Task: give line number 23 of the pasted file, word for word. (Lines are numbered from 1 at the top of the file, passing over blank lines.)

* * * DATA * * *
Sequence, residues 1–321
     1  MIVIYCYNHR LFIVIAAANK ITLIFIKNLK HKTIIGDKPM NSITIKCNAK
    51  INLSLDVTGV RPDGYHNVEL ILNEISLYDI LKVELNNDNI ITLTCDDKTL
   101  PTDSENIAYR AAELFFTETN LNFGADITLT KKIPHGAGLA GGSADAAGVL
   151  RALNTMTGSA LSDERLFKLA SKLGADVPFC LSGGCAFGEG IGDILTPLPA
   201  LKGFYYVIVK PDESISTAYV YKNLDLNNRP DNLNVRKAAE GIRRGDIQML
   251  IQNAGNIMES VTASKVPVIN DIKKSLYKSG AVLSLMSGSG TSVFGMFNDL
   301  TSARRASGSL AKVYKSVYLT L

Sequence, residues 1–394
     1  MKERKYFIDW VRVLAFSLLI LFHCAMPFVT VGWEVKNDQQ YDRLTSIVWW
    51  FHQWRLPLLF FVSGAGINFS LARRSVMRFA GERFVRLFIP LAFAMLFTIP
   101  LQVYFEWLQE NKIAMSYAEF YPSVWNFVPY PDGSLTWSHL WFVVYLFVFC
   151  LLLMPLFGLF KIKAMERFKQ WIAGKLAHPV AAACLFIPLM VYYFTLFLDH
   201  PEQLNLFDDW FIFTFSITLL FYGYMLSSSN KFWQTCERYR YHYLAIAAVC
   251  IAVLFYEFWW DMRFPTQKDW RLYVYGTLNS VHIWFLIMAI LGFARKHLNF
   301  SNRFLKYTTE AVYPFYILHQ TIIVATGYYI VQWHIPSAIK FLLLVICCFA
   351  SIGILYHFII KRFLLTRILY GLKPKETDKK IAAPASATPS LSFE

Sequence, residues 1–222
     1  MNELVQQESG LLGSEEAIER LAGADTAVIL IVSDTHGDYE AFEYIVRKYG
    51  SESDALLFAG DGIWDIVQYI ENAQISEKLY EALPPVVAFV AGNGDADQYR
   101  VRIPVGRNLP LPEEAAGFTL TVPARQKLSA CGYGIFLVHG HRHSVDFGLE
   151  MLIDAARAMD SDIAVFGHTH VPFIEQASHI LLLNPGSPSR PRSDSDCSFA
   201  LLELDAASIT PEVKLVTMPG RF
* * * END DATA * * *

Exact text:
   201  LLELDAASIT PEVKLVTMPG RF